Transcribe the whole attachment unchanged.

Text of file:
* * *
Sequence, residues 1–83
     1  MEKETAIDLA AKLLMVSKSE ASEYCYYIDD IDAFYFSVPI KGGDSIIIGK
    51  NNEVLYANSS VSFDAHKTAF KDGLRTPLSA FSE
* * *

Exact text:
Sequence, residues 1–83
     1  MEKETAIDLA AKLLMVSKSE ASEYCYYIDD IDAFYFSVPI KGGDSIIIGK
    51  NNEVLYANSS VSFDAHKTAF KDGLRTPLSA FSE